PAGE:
Getting ready to go to Ghana for four weeks, leaving next Thursday 8th October, I’ve been trying to get organised. Yesterday I formatted and printed out two versions of our Kasem-English Dictionary, one A5 format, one A4. Looks neat! With the high cost of printing, electronic distribution seems the way to go, but I’ll leave some printed master copies in Ghana so that they can be run off on a photocopier. I’ve also printed out an illustrated booklet with the Kasem translation of the book of Jonah.
I thought it would be good while I’m in Ghana to keep in touch via Twitter. There’s now a feed of my recent Tweets at the top right of this blog page. I’m not on the internet when up in the north of Ghana but I can send Tweets from a mobile phone. At least, that’s the theory. We’ll see. It’s a whole new area of technology to get to grips with. Join me!
I just came across a recent newspaper clipping, but I didn’t note which paper it came from. It’s headed “First in line: Foreign language advertising” and it’s by Emily Ford. The point being made is that, in advertising, one’s mother tongue works best. Based on a study from RSM Erasmus University in Rotterdam:
People who speak more than one language respond more acutely to marketing messages delivered in their native tongue.
Why? It seems that even for those who have good command of a second language and understand the message well in that language, it is communication in their first language which touches their emotions and evokes a response.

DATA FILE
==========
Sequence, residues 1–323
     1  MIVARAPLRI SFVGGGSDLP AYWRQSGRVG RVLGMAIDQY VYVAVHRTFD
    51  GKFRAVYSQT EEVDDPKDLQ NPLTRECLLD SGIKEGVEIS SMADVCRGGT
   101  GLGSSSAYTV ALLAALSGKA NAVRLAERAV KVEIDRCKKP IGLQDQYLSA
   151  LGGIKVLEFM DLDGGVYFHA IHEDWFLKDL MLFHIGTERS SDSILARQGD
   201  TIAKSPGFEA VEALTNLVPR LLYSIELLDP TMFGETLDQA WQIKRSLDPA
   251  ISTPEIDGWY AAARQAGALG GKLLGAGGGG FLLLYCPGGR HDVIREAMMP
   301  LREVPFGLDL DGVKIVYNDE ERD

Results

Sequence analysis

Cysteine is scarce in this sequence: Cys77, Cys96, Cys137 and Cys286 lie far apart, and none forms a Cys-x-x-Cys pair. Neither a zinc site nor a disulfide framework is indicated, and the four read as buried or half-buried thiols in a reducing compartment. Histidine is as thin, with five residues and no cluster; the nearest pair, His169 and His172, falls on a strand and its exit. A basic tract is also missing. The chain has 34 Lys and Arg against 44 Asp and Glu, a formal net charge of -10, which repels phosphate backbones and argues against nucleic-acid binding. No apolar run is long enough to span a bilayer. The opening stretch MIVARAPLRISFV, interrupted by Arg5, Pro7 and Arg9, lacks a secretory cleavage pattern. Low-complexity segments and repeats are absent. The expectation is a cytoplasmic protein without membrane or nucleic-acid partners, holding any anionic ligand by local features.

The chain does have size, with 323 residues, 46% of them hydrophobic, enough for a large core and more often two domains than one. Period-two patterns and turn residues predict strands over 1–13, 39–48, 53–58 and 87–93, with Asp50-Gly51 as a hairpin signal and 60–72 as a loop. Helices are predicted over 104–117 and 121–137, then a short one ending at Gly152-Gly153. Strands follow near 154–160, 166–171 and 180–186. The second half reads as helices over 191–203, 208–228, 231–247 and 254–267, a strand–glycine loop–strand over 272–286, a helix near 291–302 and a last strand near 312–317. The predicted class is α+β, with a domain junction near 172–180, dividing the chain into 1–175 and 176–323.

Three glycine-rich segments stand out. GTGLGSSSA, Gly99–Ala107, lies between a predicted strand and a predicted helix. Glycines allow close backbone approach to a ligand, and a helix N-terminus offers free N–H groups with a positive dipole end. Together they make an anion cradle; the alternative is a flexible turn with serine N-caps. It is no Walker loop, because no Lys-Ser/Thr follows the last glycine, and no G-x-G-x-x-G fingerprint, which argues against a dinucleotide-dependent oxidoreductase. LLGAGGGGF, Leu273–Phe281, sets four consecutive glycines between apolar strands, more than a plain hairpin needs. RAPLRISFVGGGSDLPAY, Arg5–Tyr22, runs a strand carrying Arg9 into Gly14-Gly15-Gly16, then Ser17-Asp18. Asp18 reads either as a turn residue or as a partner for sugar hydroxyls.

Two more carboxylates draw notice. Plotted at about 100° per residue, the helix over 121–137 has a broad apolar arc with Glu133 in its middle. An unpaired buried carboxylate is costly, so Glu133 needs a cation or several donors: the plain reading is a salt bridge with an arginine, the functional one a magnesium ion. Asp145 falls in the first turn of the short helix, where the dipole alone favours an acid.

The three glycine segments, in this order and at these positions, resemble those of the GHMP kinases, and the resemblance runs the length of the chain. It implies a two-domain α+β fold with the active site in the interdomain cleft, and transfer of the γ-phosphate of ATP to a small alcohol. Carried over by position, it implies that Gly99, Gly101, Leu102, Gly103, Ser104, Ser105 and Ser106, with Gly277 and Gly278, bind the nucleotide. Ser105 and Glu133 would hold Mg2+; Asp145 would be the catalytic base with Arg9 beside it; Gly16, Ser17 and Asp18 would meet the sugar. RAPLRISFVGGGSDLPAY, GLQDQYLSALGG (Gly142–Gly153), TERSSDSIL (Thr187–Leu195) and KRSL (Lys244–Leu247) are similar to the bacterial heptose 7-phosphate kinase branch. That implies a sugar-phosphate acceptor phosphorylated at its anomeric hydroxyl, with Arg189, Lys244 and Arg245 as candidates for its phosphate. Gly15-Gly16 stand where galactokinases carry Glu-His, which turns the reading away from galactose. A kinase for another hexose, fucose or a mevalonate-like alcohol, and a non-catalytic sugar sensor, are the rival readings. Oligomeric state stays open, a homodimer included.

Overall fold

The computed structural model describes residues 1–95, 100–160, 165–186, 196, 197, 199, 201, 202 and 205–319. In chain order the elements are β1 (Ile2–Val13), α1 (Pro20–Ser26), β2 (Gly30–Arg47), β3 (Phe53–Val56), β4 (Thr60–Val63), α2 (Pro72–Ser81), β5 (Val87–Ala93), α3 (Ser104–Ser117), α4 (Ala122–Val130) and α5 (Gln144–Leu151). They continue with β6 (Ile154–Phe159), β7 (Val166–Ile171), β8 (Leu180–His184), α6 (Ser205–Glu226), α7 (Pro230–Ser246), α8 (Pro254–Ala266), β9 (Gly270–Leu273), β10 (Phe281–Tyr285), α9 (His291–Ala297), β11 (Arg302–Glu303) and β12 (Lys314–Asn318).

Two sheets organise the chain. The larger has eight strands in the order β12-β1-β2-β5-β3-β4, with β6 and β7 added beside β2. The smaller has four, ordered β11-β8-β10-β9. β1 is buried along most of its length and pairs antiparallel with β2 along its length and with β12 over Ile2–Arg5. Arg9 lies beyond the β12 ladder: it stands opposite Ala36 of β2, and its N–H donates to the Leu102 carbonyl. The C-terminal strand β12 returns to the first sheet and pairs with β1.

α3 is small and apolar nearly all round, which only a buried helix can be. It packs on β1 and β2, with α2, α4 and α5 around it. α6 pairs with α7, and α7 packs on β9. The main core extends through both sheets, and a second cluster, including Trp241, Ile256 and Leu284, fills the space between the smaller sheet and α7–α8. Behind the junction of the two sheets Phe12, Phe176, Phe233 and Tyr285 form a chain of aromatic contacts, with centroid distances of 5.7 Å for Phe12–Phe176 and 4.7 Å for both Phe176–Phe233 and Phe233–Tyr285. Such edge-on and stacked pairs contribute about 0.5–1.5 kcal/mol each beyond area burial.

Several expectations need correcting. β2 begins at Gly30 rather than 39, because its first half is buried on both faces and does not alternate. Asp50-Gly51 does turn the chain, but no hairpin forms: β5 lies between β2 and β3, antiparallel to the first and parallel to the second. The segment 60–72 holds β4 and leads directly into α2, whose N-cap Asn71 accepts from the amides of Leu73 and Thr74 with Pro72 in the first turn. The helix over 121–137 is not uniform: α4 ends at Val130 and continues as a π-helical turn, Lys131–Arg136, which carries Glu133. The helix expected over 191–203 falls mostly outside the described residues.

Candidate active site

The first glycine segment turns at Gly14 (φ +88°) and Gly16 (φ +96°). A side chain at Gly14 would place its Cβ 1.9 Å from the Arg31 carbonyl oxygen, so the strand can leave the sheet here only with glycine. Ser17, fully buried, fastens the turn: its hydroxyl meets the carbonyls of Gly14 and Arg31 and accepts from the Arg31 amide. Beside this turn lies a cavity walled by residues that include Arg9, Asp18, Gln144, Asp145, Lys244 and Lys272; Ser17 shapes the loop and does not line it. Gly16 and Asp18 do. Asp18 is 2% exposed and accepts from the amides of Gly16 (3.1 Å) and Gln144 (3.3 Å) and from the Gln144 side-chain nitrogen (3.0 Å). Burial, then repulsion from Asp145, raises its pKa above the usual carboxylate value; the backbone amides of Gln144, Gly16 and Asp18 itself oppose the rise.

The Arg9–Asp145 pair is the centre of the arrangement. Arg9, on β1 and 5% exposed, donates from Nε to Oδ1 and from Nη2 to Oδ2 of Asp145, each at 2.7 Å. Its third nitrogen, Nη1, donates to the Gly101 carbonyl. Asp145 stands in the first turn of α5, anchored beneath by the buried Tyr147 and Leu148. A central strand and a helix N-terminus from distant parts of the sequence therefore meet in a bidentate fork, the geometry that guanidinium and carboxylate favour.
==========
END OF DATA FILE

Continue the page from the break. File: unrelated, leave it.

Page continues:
It is thought to be linked to the way in which people link words with memories. Theory suggests that we associate certain words with our experiences. Reading or hearing a word subconsciously reminds us of these memories, generating an emotional response. … So messages delivered in a first language are more emotional than those in a second language.
If people are to have their hearts touched by the most important message of all, God’s Word, they need to hear it in their mother tongue, the language of their heart. I think we knew that already, but it’s good to see the same principle confirmed in a different sphere.
We had a Vision Day yesterday at Wycliffe, led by the UK Director, Eddie Arthur. One thing in particular which Eddie said struck me forcibly. When Jesus saw how harassed and helpless were the people coming to him, he said to his disciples,
“The harvest is plentiful but the workers are few. Ask the Lord of the harvest, therefore, to send out workers into his harvest field.” (Matthew 9:37–38)
What was the world population in Jesus’ day? Apparently about 100 million. How many people today do not have access to the Scriptures in a language they understand well? 200 million! Enough said. See the full statistics on our Wycliffe page (click the tab above).